By this time next week, all Major League Baseball players will have begun working out with their respective teams. This year, the beginning of spring training has been overshadowed in the news by the contract status of Albert Pujols.
Puljols is arguably the best player in the game today, and is in the process of making his case for being considered one of the greatest players to ever play in the big leagues. Like most other professional athletes, Pujols wants to be paid what he thinks he is worth.
At the age of 31, Pujols is looking for a 10-year deal in the neighborhood of $300 million. Maybe he’ll get close to that much, maybe he won’t. It doesn’t really matter much, because he will be heavily compensated either way.
Ultimately, the rising cost of player salaries gets passed through to the fans in the form of higher prices for tickets, parking and concessions at Major League stadiums.
Baseball used to be considered “America’s Pastime” largely because it touched the lives of almost every American in some way. It was more than a game. It was something that Americans bonded over.
When I was a kid, I would play baseball for hours on end because I loved the game. My brother and I would make up different scenarios as we played, but one stood out above all others…
“It’s the bottom of the ninth…game seven of the World Series…two outs…three-and-two count…bases loaded…”
Most kids back then dreamed of making it to the big leagues for the chance to actually turn a lifetime of fantasy scenarios into reality. Not once did we ever fantasize about the money that we would be making if our dream ever came true. In all honesty, we would have gladly done it for free.
No one expects today’s players to play for free. In fact, we fully expect that Major League Baseball players will earn millions of dollars to play the game that we all love. Though we may not fully understand why they make so much money, it has never stopped us from rooting for our favorite teams with the same passion that we did before players earned small fortunes.
In 1990, Robin Yount was the highest paid player in baseball. He earned $3.2 million. By way of comparison, Alex Rodriguez earned $33 million in 2010 as the highest paid player in baseball. Even the average player salaries are significantly higher. In 1990, the average player earned just under $600,000. In 2010, that number increased to $3.27 million.
The cost of attending professional sporting events has sky-rocketed along with players’ salaries. Is enough ever going to be enough? Is there a breaking point where fans will no longer be able to afford to attend baseball games and miss out on the opportunity to create lasting memories with family and friends?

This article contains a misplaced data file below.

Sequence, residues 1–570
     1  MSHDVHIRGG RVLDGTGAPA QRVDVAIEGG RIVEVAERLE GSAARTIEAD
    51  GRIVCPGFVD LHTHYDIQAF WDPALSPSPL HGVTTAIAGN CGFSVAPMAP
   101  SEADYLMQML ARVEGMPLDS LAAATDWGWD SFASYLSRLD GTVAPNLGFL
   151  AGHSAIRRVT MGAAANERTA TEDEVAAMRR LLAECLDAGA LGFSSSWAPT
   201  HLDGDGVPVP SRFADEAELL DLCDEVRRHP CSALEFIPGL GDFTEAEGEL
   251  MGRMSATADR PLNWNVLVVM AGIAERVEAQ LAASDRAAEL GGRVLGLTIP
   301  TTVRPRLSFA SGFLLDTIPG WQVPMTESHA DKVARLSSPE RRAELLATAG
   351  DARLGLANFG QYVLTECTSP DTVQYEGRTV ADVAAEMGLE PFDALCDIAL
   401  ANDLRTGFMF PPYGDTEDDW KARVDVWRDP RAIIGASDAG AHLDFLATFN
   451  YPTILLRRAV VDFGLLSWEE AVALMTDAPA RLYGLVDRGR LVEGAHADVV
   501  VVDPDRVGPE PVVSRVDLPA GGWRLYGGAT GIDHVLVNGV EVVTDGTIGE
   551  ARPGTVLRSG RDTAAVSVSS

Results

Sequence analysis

Pujols deserves to be in the same salary range as Alex Rodriguez. However, if his enormous demands are met, MLB salaries will continue their ascension into rarefied air. And if this current pace continues, Major League baseball stadiums are going to be filled with more corporate attendees than dedicated fans.
Major League baseball caters to corporations and people with a lot of discretionary income. While the average fan probably finds a way to make it to a game or two each year, even the most die-hard fan very likely ends up watching most games on television.
Thankfully, those of us who want to share the baseball experience with family and friends (without having to take out a loan to do so) have the option of attending Independent and Minor League baseball games.
Independent and Minor League Baseball both cater to all baseball fans, not just the wealthy ones. In fact, it is probably just as cost-effective for a family to attend an Independent or Minor League Baseball game as it is for them to go to see a movie in the theater, and the experience is infinitely more memorable.
There are other advantages that Independent and Minor League Baseball have to offer as well:
- The quality of play on the field is excellent because the players play with passion. They are either working towards making it to the big leagues or playing for the love of the game when their Major League career has come to an end.
- It’s not about the money. You’ll never hear about contentious contract negotiations or demands for trades.
- Intimate stadiums create a sense of community amongst fans who get to know each other because they see the same faces on a regular basis.
- Because the stadiums are much smaller, every seat offers an outstanding vantage point, and the chance of catching a foul ball is much more likely than it is at a Major League stadium.
- Between innings there are contests and games to keep kids engaged.
- Team mascots roam the stadium to interact with kids, pose for pictures and sign autographs.
- Concession-stand prices are much more reasonable than they are at Major League stadiums and often times even less expensive than movie theater prices.
- Parking fees are minimal, and some teams even offer free parking.
- Traffic usually flows very smoothly in and out of Independent and Minor League Baseball stadiums because there are far fewer cars to contend with.
Independent and Minor League Baseball both give fans of all ages and income brackets the chance to share bonding experiences that will last a lifetime. Baseball purists, and nostalgic fans who long for days gone by, will be hard-pressed to find a better way to create lasting memories and bonding experiences with family and friends than attending Independent and Minor League Baseball games.